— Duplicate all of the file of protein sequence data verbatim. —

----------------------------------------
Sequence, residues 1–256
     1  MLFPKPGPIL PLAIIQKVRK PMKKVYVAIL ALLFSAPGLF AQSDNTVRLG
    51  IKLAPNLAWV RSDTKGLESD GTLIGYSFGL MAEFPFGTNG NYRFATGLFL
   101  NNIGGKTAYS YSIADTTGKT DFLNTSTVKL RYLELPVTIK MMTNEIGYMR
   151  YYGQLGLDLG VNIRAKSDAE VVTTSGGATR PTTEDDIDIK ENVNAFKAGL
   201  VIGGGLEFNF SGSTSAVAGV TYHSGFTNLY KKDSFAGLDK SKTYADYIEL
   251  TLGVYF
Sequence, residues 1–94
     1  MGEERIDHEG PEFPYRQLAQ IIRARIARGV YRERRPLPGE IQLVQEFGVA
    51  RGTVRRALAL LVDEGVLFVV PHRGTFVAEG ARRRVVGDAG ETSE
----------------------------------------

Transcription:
Sequence, residues 1–256
     1  MLFPKPGPIL PLAIIQKVRK PMKKVYVAIL ALLFSAPGLF AQSDNTVRLG
    51  IKLAPNLAWV RSDTKGLESD GTLIGYSFGL MAEFPFGTNG NYRFATGLFL
   101  NNIGGKTAYS YSIADTTGKT DFLNTSTVKL RYLELPVTIK MMTNEIGYMR
   151  YYGQLGLDLG VNIRAKSDAE VVTTSGGATR PTTEDDIDIK ENVNAFKAGL
   201  VIGGGLEFNF SGSTSAVAGV TYHSGFTNLY KKDSFAGLDK SKTYADYIEL
   251  TLGVYF
Sequence, residues 1–94
     1  MGEERIDHEG PEFPYRQLAQ IIRARIARGV YRERRPLPGE IQLVQEFGVA
    51  RGTVRRALAL LVDEGVLFVV PHRGTFVAEG ARRRVVGDAG ETSE